The U.S. Department of Justice has issued a subpoena to the libertarian news site Reason, calling on them to provide information about six users who threatened Judge Katherine Forrest. Forrest is the federal judge who sentenced Ross Ulbricht to life imprisonment without parole for his role in founding and operating the Silk Road online drug marketplace.

“It's judges like these that should be taken out back and shot,” wrote a user named Agammamon in a string of comments beneath a story on Ulbricht's sentence. The comments have since been deleted. 

“It's judges like these that will be taken out back and shot,” said another, named Alan.

“Why do it out back? Shoot them out front, on the steps of the courthouse,” said a third comment, this one from the username Cloudbuster.

The subpoena – sent last week and published Monday by Popehat blogger Ken White – demands that Reason provide the six users' phone numbers, email addresses, IP addresses, billing information, their computer IP addresses and information on what devices they used to access the website. It cites a section of the U.S. criminal code that prohibits “mailing threatening communications” against a judge, a crime punishable by up to 10 years in prison.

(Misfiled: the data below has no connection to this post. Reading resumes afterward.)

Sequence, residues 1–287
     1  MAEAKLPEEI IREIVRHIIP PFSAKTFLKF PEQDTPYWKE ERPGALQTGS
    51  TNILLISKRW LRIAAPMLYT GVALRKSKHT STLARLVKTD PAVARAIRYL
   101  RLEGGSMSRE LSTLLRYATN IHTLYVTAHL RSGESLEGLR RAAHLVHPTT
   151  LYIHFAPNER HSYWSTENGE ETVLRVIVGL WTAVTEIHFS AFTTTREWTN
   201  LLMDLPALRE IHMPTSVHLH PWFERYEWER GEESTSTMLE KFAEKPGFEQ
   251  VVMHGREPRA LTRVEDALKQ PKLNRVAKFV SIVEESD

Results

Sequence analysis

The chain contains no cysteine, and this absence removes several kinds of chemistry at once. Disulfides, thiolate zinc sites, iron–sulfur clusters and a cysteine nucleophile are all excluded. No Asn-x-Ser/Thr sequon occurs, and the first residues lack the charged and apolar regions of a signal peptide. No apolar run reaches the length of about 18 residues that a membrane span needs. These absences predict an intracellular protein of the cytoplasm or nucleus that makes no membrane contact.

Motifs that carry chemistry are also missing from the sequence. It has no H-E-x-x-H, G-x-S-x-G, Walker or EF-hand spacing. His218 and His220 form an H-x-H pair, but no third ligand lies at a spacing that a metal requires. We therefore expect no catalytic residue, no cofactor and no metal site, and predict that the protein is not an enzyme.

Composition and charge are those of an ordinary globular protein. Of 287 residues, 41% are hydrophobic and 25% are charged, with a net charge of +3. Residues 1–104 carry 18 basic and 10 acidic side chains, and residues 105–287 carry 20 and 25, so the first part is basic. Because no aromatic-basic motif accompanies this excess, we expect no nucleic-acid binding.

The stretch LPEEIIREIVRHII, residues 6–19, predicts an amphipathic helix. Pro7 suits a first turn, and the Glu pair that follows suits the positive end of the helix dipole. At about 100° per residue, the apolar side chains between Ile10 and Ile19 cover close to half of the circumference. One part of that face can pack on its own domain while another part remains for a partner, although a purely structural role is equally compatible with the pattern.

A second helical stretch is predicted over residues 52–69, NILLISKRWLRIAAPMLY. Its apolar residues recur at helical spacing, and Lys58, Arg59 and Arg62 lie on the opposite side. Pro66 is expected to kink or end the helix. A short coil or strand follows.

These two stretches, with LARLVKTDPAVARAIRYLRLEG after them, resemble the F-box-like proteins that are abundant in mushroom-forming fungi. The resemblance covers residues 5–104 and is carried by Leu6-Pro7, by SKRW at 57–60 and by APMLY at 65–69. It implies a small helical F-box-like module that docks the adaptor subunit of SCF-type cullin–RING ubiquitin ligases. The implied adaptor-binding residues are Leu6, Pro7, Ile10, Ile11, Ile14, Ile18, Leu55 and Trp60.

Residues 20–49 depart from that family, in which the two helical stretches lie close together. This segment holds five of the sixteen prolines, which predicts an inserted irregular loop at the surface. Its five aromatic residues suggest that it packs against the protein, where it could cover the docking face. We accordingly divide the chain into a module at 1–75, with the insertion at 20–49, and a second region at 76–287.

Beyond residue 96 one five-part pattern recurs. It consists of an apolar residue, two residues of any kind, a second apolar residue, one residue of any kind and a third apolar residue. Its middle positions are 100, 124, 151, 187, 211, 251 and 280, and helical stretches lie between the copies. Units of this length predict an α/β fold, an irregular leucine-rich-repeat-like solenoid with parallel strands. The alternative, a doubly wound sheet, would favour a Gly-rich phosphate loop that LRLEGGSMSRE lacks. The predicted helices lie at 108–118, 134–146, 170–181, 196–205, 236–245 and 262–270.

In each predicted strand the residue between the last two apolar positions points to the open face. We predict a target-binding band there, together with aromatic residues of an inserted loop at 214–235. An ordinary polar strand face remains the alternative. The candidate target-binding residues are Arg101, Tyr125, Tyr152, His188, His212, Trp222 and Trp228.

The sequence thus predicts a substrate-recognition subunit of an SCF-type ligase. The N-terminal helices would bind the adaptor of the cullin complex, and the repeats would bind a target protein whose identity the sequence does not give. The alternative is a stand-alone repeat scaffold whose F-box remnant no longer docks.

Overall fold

Whether the Reason commenters were serious about their threats is up for debate, but there's no doubt that Judge Forrest infuriated much of the online libertarian community by sentencing Ulbricht to spend the rest of his life behind bars. Even before his identity was revealed, the 31-year-old Texas native became an online icon by designing the Silk Road as an eBay for the black market. Users bought and sold drugs of all kinds by trading in bitcoins, keeping their identities secret and, in Ulbricht's case, posting long anti-government rants equating drug sales with freedom of expression.

“We command you that all and singular business and excuses being laid aside, you appear and attend before the grand jury of the people of the United States,” states the subpoena, signed by U.S. Attorney Preet Bharara and Assistant U.S. Attorney Niketh Velamoor. “The Government hereby requests that you voluntarily refrain from disclosing the existence of the subpoena to any third party.”